My childhood was full of road trips. With five kids, my parents could rarely afford to bring us all on a plane for a family vacation. Instead, we’d load ourselves into our 15-passenger “party van” and hit the road.
Today, I still love road trips. My son and I road-trip a couple of times each year, and we even bring my sister and her family along for the ride sometimes. I’ve turned it into something of an art — a fun, inexpensive, memory-building art.
Here are four tips that helped me plan a 10-day road trip for eight people — for only $2,180.51.
1. Calculate your fuel costs
Start by figuring out your fuel costs. The U.S. Department of Energy (DOE) offers a handy calculator that can help you estimate your total gas cost based on your vehicle and your stops.
We stayed in seven cities on our trip, which included a stop in Las Vegas and a two-night stay near the Grand Canyon’s South Rim.
We drove two vehicles:
- My sister’s 2007 Honda Odyssey
- My 2012 Subaru Outback
The government’s fuel calculator was a little off. My sister and her husband ended up paying about $325 for gas, and I ended up paying about $210. Part of that, though, was the fact that my son and I squeezed into their minivan for around-town trips rather than taking two cars to everything.
There’s really not much you can do to save money on gas. It costs what it costs. But the DOE does offer the following driving tips aimed at saving money on gas:
- Avoid speeding, hard braking, and rapid acceleration.
- Consider driving a little slower on the highway. “Above 50 mph, gas mileage drops rapidly,” according to the DOE. “For every 5 mph above 50 mph, it’s like paying an additional [19 cents] per gallon of gasoline.”
- Keep items inside your car, instead of on a rack, to reduce drag. Packing on the top of your vehicle can reduce fuel economy by 25% on interstates.
- Try to pack light. Every 100 pounds can add another 3 cents per gallon in gas costs.
Some of those tips aren’t practical for a road trip. You might need a roof box to create more space inside the vehicle. Additionally, when the speed limit is posted at 75 mph or 80 mph (hello, driving in the Intermountain West), it’s hard to feel good about going 50 mph. Just realize that these concessions to comfort might cost you.
In the end, though, driving was much cheaper than trying to get eight people on an airplane.
Just one round-trip plane ticket from Idaho Falls, Idaho, to Las Vegas costs $368. Multiply that by eight, and you end up with $2,944. And that doesn’t include getting to other destinations with a rental car or by flying. Yikes.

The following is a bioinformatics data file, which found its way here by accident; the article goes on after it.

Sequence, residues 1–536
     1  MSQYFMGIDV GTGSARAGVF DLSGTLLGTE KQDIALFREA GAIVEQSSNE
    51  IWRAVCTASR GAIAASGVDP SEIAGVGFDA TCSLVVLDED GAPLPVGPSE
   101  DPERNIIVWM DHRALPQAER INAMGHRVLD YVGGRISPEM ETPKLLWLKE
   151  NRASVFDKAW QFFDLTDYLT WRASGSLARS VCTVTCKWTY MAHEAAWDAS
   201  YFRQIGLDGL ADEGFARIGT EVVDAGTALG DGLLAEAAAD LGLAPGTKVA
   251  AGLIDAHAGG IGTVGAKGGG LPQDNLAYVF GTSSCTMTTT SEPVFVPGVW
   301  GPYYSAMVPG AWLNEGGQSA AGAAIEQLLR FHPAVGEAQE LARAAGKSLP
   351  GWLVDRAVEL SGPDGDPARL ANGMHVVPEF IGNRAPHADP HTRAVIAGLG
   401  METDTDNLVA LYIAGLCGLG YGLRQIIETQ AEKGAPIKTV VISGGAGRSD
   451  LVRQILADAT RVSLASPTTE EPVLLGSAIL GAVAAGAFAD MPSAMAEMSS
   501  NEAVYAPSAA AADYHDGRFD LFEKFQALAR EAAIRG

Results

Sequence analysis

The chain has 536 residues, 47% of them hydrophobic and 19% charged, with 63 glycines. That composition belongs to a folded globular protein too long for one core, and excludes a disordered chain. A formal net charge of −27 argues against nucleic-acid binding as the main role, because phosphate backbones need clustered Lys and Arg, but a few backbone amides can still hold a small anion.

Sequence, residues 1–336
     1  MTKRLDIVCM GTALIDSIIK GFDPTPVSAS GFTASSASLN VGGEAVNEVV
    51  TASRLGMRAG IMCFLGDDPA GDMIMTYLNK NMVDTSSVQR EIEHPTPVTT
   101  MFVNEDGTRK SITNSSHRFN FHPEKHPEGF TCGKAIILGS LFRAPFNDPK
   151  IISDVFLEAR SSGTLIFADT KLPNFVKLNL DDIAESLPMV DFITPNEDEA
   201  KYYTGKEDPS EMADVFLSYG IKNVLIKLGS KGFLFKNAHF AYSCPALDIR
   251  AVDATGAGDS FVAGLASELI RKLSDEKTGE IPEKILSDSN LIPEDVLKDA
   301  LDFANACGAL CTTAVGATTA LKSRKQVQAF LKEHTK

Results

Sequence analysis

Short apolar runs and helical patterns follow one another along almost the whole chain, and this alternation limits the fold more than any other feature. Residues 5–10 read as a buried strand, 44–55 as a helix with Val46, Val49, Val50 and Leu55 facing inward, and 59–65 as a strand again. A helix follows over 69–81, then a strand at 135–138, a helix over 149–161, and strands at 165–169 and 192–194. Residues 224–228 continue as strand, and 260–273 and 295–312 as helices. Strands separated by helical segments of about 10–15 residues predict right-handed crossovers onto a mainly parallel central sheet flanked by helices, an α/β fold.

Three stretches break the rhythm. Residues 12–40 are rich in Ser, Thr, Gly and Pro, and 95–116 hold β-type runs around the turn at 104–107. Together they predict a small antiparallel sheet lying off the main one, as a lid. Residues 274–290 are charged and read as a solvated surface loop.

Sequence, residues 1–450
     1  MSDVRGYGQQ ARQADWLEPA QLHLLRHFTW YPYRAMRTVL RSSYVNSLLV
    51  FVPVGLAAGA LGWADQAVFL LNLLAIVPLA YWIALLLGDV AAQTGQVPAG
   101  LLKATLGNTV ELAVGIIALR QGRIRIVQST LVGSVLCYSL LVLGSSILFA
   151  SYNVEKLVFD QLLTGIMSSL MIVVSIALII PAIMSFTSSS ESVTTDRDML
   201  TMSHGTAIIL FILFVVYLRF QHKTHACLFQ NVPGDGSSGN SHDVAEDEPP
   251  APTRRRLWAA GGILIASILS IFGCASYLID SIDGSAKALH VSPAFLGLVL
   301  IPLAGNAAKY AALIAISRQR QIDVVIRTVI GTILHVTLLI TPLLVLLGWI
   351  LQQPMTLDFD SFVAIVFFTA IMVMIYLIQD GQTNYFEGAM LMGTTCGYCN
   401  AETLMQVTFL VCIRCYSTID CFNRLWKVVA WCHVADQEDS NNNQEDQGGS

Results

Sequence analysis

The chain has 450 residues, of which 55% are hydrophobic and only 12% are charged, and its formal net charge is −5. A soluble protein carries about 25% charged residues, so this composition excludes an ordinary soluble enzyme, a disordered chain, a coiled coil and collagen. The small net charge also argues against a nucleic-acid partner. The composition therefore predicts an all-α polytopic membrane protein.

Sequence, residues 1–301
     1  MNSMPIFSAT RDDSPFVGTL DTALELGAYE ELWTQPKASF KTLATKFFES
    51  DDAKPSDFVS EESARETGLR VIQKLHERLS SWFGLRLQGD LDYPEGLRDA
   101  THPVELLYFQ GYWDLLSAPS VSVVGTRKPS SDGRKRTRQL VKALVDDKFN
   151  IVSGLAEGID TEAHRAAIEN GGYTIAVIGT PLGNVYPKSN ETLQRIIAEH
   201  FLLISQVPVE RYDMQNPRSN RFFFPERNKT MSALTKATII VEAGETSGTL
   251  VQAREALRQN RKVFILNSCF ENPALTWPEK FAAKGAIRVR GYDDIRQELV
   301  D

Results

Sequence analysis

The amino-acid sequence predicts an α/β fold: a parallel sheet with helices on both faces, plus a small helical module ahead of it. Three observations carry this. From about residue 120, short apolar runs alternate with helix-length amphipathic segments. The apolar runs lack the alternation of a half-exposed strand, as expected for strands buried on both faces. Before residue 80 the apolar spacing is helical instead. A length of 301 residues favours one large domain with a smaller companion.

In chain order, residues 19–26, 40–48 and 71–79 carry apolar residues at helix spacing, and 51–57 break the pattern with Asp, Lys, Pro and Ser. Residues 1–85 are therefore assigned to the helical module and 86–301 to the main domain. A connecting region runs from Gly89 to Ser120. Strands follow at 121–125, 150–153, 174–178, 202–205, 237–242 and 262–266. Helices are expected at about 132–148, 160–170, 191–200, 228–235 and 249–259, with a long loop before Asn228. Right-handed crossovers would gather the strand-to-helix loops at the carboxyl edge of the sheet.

Fuel cost: $535
2. Use Airbnb for lodging
Staying in a hotel can be very expensive. No matter what you’re doing, whether it’s a Memorial Day weekend getaway or a 10-day road trip, Airbnb can save you quite a bit and give you more room to spread out.
For example, we spent two nights near the Grand Canyon. First of all, cramming eight people into two hotel rooms is no fun, so it was great to have a whole house to ourselves. It was in a beautiful area about 45 minutes from the South Rim’s entrance.
We had plenty of beds, a common area for watching TV and playing games, and lots of room for cooking (and eating) our meals.
Our Airbnb near the Grand Canyon cost us $357.55 total — our most expensive stay — but it was worth it for the extra space and ability to cook on-site.
Compare that cost to booking hotels near the Grand Canyon. We’d need two rooms (and they wouldn’t be as comfortable or allow us to cook). Staying near the Grand Canyon can cost upward of $200 per night at local hotels, which would put us at $400 per night for two rooms, or $800 total.
It’s possible to find better deals if you’re willing to stay farther away, in Williams or Flagstaff, for closer to $75 a night. Getting two rooms for that rate, for two nights, would cost $300. It’s worth the extra $57.55 for the extra space and to stay closer to the South Rim.
Pro tip: Use hotel reward points when you can
We didn’t stay in Airbnbs the entire trip. We combined forces with our hotel rewards and credit card travel points for free nights. By planning ahead, we were able to save up enough points that three of our single-night stays were covered by reward points, costing us nothing for this trip. This alone probably saved us about $100 a room per night, resulting in $600 worth of savings.
Lodging cost: $1,116.39
3. Find free and low-cost activities in your destinations
When you’re on a budget vacation, it’s important to make sure you can access entertainment and activities that are low-cost. Some of the ways we saved money on our trip included:
- Using Groupon to get group discounts
- Searching online for “free things for kids to do in ____”
- Looking at TripAdvisor for cheap options in each local area
- Asking hotels for discount passes to local attractions
- Spending time with friends and family
- Making use of state and national parks passes
- Staying at lodgings with pools
You might be surprised by what you can find when you follow these strategies.
In Phoenix, we found a candy factory that offered a free tour — and a free treat.
We also found low-cost options by visiting McCormick-Stillman Railroad Park and spending time at Scottsdale Mall, where everyone enjoyed a visit to the Tesla store.
We used the “walking around” strategy in Las Vegas as well. The kids enjoyed looking at the hotels and gazing at the bright lights. Besides, everyone loves the free fountain show at the Bellagio. Our most expensive activity was letting the kids spend a few hours in the Adventuredome at Circus Circus.
Another way we saved money — while making good memories — was visiting relatives. Our cousins invited us to dinner, and they have a great home and children close in age to our kids. Everyone had a great time, and it didn’t add anything to the cost of the trip.